By Dean Foust After the Federal Reserve's three-year campaign to bring down interest rates, the conventional wisdom on Wall Street is that Corporate America has mostly acted wisely, using record low rates to clean up balance sheets loaded up with too much debt and soiled by funny accounting in the 1990s. Certainly, many companies have come clean with massive restatements of profits they had reported but never actually earned. And legions of others have refinanced some or all of their old high-rate debt.
Yet, the housecleaning may not be as extensive as optimists would like to believe. According to the Federal Reserve, corporate debt for nonfinancial companies increased 1.4% in 2002, and it rose at an annualized rate of 3.7% in the first quarter of 2003, to a record $4.9 trillion. The rising debt levels wouldn't be worrisome if the borrowing were going toward adding new factories or hiring more workers, but it comes at a time when Corporate America continues to keep a lid on capital spending and payrolls.
PUMPING UP PENSIONS. With profits still on the mend, a number of companies remain reliant on debt just to meet day-to-day obligations. That includes finally covering unfunded pension liabilities -- which, interestingly, have grown even larger as a result of the fall in interest rates. Such is the case at General Motors (GM), which in late June said it plans to sell $10 billion in new debt to make up a huge deficit in its pension contributions.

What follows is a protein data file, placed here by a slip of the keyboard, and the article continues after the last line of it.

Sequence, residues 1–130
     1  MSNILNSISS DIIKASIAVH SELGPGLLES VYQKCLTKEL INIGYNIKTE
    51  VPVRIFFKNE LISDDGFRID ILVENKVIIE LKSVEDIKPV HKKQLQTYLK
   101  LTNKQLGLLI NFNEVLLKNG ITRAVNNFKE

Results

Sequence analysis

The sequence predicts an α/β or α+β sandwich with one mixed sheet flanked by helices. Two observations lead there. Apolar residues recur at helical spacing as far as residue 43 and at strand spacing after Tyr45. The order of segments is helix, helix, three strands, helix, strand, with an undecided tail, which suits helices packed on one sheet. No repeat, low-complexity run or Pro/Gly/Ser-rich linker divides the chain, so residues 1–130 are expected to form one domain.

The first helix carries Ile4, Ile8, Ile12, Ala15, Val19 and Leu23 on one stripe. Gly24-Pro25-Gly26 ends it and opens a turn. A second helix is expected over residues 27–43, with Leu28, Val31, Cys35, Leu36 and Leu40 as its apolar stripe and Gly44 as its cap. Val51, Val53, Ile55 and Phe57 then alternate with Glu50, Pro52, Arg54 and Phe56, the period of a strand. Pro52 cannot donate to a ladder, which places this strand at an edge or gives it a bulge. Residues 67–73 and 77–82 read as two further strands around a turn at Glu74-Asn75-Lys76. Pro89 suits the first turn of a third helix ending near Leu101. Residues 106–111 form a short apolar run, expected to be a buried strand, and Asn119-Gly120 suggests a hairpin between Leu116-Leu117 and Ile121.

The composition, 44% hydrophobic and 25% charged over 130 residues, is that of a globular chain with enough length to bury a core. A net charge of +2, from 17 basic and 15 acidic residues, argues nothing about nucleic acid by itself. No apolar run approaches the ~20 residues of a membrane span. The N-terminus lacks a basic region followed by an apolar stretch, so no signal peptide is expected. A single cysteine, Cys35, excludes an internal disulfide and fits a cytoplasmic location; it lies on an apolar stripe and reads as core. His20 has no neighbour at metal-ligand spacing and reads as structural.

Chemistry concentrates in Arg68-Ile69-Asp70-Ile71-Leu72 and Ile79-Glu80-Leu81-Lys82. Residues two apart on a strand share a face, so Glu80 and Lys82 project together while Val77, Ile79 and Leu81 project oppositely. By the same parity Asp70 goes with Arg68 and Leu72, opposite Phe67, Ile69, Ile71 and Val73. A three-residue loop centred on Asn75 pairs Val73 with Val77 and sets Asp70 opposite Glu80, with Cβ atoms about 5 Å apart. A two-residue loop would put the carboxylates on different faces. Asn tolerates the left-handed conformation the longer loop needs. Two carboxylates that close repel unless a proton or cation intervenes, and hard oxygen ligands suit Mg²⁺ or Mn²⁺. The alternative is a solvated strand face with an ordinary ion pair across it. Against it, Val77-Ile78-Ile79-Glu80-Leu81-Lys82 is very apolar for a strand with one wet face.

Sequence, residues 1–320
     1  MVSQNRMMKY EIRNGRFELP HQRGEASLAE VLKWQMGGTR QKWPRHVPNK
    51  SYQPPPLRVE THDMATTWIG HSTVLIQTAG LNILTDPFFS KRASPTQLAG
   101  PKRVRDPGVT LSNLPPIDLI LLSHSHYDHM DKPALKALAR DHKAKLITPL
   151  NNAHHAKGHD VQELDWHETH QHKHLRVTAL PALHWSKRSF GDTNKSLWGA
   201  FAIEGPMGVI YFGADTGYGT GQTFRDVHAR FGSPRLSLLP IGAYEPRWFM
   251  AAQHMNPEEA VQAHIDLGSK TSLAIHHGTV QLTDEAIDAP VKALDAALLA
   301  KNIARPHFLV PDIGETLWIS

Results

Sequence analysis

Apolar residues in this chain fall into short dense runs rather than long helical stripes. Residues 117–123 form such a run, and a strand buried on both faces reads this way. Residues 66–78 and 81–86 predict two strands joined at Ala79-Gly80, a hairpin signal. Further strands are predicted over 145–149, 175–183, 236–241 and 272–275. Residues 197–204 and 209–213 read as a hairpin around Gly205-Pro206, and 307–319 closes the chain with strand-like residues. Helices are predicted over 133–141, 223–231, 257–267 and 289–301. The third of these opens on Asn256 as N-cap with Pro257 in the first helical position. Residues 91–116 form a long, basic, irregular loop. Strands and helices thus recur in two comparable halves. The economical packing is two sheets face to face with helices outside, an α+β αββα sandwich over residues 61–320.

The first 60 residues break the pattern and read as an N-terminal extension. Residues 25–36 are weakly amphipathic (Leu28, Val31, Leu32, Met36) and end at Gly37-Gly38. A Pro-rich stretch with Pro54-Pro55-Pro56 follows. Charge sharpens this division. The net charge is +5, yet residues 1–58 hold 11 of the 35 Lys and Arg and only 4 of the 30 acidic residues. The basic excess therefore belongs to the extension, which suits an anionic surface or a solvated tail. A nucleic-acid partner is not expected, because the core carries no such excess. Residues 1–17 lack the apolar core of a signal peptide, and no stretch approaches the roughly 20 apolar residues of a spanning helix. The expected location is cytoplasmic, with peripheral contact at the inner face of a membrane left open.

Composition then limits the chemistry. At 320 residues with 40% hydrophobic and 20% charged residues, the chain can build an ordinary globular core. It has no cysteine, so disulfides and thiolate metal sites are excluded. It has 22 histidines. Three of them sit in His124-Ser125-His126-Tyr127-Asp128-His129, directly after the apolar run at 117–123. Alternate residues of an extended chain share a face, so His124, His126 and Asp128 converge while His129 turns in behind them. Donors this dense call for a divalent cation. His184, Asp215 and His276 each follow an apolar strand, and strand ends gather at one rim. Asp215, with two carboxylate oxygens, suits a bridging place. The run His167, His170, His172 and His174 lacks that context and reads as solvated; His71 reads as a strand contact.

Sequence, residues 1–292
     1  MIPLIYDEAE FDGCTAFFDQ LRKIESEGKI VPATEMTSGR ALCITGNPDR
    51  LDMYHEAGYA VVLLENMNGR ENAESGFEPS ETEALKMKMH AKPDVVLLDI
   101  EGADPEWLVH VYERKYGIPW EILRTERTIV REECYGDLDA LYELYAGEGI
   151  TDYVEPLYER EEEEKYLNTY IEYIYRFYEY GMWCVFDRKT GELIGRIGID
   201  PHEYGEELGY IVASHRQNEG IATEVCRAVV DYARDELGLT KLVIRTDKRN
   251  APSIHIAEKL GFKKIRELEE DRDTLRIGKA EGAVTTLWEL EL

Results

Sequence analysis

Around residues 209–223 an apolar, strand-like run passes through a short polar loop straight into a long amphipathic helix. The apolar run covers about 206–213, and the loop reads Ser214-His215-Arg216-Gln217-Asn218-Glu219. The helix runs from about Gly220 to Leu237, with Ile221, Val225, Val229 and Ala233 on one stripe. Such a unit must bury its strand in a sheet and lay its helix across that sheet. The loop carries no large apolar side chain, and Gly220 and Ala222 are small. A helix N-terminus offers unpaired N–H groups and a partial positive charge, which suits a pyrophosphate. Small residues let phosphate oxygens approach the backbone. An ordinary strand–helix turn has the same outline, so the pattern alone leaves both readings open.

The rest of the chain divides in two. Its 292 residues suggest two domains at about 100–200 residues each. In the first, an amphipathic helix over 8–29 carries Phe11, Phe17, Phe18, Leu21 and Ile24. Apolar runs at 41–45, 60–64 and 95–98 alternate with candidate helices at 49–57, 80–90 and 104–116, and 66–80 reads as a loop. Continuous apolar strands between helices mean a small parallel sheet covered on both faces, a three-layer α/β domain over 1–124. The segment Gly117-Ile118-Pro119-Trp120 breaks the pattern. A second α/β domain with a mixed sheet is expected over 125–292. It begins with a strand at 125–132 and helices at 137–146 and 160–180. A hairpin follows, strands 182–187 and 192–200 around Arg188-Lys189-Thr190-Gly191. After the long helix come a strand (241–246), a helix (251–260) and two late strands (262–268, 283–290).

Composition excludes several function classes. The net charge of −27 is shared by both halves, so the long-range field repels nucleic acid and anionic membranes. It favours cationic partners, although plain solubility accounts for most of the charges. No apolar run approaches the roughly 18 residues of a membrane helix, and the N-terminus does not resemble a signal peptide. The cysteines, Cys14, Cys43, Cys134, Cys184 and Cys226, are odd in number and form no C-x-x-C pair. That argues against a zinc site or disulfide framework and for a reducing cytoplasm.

GM isn't alone: Collectively, the pension plans run by the companies in the Standard & Poor's 500-stock index now are underfunded by a total of $226 billion -- $14 billion more than at yearend 2002. "It wouldn't surprise me to see more companies borrowing to put the proceeds into their pension funds," says David Zion, an accounting analyst at Credit Suisse First Boston.
Likewise, the increased debt load might not be so troubling if Big Business were using the low rates to reduce borrowing costs and begin paying down its heavy debts. Granted, borrowing costs have dropped for many companies: For the 381 nonfinancial companies in the S&P 500, the lower rates helped the group reduce their net interest expenses by a collective $10 billion last year.
TROUBLED BORROWERS. Overall, however, many companies are now devoting a bigger chunk of their operating profits just to servicing their debt. A recent study by Merrill Lynch reveals that the "interest coverage ratio" for the S&P nonfinancial companies has declined steadily since 2000. The ratio, which measures a company's ability to pay its debt service out of operating profits, has seen operating profits slip from 6.3 to 5.3 times debt since 2000, the lowest level since 1995.
Sure, plenty of blue-chip borrowers, such as Gillette (G), have exploited the low rates wisely: The razor giant recently sold $300 million in five-year bonds at a mere 2.5% interest rate. But for every Gillette there's a troubled borrower such as Tyco International (TYC), Qwest Communications (Q), or energy provider Reliant Resource (RRI), all of which must pay more to borrow after seeing their debt downgraded over the past two years from investment-grade to junk status by the rating agencies.